“Kites float in the sky and embody our desire to free ourselves in flight. But their movement is neither spontaneous nor free, they always return home”. In a new series by the photographer Akam Shex Hadi, the artist has photographed his subjects, anonymous women, men and children of the city of Sulaymaniyah, surrounded by barbed wire which symbolises national borders. Outside of the perimeter of the wire, are colourful kites, handmade by the artist. They depict the dreams that lie beyond it. The project, entitled ‘Homeland, Exile’, draws on the waves of mass displacement and migration as a result of conflict and turmoil, which the artist has witnessed first-hand in Iraq.


From the series Homeland, Exile (2016). Courtesy of Akam Shex Hadi.

Along with the artist Salam Atta Sabri, Akam Shex Hadi has been invited to show new work at the 5th International Çanakkale Biennial, in Çanakkale, Turkey. Opening on September 24 2016, this six-week exhibition will explore the theme of Homeland. Both artists have been commissioned by the Ruya Foundation to produce new work around this theme, and its relationship to national identity, borders and human movement. The Turkish city of Çanakkale is located on the Dardanelles Strait, just north of the epicentre of the European refugee crisis in the Aegean Sea. The invitation to participate at the exhibition, from the biennial curators, came after Shex Hadi and Atta Sabri showed their work at an international art fair for the first time with the Ruya Foundation at the Pavilion of Iraq at the 56th Venice Biennale in 2015.

“Migration has always deprived us of some of our dreams, but it has also created others”
Akam Shex Hadi

The concept of homeland forms an important part of the practice of both artists. Sulaimaniya-based photographer Akam Shex Hadi has been exploring the wave of Iraq’s internally displaced ethnic minorities ever since IS’s attacks in northern Iraq in 2014. In his recent project, mentioned above, the artist explores the physically confining role of national borders, in contrast to a movement or place that can be imagined or hoped for. “Migration has always deprived us of some of our dreams, but it has also created others,” says the artist. Salam Atta Sabri’s earlier work, ‘Letters from Baghdad’ (2005-2015), which was first shown at the Venice Biennale in 2015, is a visual diary of over 150 drawings that the artist produced privately upon his return to Baghdad with his family in 2005, after having studied in the USA and lived in Jordan for over ten years. It weaved together elements of Iraq’s modern and ancient history, with the artist’s own personal journey and travels.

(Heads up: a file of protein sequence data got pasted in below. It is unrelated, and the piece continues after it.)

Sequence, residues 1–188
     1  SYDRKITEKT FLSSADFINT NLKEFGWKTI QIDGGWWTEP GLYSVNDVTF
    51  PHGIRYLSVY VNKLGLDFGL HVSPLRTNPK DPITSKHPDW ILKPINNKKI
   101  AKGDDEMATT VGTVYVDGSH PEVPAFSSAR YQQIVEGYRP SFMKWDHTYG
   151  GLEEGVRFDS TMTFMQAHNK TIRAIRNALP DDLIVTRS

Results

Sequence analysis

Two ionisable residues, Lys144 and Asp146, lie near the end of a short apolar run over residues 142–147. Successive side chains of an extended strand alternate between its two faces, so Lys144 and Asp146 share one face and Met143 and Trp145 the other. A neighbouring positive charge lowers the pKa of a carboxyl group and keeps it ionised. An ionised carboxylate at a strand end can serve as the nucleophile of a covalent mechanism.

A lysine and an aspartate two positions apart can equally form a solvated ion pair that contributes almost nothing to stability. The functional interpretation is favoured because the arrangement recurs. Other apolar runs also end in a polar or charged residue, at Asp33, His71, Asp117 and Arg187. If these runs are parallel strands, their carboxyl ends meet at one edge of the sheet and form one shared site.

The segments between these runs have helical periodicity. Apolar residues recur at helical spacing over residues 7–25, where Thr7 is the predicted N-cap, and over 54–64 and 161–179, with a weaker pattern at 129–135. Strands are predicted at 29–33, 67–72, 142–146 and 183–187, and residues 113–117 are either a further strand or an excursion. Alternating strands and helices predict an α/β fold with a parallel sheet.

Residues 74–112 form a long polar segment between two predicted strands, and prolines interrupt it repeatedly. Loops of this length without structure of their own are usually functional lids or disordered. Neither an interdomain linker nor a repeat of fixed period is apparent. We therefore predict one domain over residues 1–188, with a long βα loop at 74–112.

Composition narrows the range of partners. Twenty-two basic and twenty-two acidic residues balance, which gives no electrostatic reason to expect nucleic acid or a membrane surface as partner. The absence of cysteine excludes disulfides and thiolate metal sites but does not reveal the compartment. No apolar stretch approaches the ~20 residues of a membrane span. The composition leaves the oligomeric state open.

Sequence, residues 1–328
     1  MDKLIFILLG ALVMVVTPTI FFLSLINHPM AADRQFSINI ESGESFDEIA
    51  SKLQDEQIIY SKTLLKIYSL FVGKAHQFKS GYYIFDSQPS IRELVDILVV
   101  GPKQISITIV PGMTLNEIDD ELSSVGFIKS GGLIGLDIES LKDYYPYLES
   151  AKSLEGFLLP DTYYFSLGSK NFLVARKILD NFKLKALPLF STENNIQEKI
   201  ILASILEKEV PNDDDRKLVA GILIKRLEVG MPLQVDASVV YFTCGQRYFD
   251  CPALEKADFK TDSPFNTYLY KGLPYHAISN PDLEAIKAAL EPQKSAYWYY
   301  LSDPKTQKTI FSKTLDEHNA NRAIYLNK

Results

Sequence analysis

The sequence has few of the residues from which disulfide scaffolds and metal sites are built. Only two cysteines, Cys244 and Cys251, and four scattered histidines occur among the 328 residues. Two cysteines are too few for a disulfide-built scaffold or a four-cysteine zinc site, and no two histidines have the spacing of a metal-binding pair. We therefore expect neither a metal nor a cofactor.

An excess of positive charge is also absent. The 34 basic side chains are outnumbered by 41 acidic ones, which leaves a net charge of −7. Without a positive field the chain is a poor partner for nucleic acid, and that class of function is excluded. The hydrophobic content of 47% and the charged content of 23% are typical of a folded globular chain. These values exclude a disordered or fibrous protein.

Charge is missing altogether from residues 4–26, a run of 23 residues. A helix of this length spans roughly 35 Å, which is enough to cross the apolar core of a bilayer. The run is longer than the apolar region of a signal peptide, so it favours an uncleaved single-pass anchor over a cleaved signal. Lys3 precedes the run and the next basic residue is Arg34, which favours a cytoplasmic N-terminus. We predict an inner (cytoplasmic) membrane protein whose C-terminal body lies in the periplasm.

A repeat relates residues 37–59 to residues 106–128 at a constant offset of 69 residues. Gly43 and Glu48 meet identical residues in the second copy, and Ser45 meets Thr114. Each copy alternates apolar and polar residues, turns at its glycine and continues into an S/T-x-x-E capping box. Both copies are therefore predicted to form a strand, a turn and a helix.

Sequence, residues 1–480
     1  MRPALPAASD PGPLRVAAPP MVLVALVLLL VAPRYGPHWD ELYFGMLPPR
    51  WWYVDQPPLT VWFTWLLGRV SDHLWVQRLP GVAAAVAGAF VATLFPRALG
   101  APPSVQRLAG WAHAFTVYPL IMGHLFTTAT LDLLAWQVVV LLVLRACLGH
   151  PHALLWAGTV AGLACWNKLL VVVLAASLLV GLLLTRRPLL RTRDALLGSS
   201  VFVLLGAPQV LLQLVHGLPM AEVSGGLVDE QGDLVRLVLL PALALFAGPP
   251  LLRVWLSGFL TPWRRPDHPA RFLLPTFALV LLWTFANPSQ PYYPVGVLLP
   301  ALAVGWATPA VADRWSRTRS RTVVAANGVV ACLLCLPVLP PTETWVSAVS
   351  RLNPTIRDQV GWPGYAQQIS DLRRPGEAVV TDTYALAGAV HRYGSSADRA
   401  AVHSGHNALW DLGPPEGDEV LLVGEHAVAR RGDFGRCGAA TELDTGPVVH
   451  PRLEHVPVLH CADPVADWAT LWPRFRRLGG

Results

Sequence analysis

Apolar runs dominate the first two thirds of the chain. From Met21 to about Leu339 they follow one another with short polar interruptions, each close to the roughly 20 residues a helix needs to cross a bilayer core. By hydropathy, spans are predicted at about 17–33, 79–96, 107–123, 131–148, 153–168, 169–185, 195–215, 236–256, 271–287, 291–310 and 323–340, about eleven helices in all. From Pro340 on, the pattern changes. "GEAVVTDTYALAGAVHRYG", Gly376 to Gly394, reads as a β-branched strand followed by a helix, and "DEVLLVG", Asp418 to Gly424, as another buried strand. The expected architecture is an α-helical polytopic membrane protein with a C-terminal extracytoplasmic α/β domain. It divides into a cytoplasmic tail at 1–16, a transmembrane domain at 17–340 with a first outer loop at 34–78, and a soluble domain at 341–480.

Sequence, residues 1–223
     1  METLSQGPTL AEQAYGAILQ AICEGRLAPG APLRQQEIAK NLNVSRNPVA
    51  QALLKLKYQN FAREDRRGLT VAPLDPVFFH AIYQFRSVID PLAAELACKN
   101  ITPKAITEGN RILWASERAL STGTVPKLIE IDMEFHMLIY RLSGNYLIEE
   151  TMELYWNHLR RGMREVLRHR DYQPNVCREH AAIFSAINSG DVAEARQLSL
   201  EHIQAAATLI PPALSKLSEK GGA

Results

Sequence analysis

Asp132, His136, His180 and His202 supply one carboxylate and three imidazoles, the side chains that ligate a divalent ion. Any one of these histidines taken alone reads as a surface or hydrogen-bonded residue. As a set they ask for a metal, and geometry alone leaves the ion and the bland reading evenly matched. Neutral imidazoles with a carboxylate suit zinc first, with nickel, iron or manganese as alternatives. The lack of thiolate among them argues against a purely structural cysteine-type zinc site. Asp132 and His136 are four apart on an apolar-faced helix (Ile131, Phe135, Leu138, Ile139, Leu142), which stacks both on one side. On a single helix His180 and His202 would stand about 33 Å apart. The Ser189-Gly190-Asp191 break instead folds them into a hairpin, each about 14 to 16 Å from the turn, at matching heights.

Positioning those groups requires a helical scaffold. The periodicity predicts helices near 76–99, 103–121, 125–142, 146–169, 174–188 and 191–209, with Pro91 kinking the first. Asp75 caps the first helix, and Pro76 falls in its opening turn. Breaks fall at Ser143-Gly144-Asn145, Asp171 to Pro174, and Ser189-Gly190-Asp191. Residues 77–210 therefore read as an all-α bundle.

A trained ceramicist from Baghdad, Atta Sabri will be exhibiting a new series of drawings, ‘Date Palm Killing Fields'(2016). The series draws on the large-scale uprooting and destruction of palm tree orchards in Iraq. The artist highlights the loss of an important part of Iraq’s natural and cultural heritage, which began with the Iran-Iraq war, and was aggravated by ongoing conflict, neglect and construction in Iraq’s cities. “Iraq was once the leading date producer in the world. After petrol boom of the 1950s, oil soon replaced agriculture in the Iraqi economy,” Atta Sabri explains. “Iraq and its inhabitants have a deep and ancient relationship with date palm trees that we must preserve. Images of palm trees appear in Mesopotamian cylinder seals. To this day people cultivate the trees for their dates, and use their wood in traditional craft work. They rely on these trees to lie in the shade, and keep the cities cool in the summer,” he says.


“Iraq and its inhabitants have a deep and ancient relationship with date palm trees that we must preserve”
Salam Atta Sabri

Salam_Date Palms (2)

From the series ‘Date Palm Killing Fields’ (2016) by Salam Atta Sabri. Courtesy of the artist.

Artists inside Iraq live in isolation from the global art community, and Ruya’s mission is to facilitate the contribution of Iraqi voices in important cultural conversations, taking place on platforms such as the Çanakkale Biennial. At the Biennial, Shex Hadi and Atta Sabri will exhibit alongside 40 internationally celebrated artists. This includes artists who have dealt with migration, refugees and temporary settlements in their work, such as Bouchra Khalili, whose project ‘The Mapping Journey Project’ (2008-2011), a series of interviews with individuals who crossed the Mediterranean basin, is currently on display at the MoMA, New York City and the French street artist JR, whose photography projects have adorned the favelas of Brazil and the concrete walls on the Israeli-Palestinian border.

Ruya is proud to support and promote the work of these two artists, particularly at the Çanakkale Biennial. Since taking part in the Pavilion of Iraq in 2015, Atta Sabri has been invited to show his work for the Bottom Line exhibition at S.M.A.K. Ghent and Alternativa Festival in Gdansk, among others, and Shex Hadi’s work has been exhibited at the Artspace, Dusseldorf. Both artists were invited to show their work at a re-staging of Invisible Beauty, the Pavilion of Iraq in 2015, at S.M.A.K (Museum for Contemporary Art) in Ghent, Belgium.

The Çanakkale Biennial opens on 24 September and runs until 6 November 2016.

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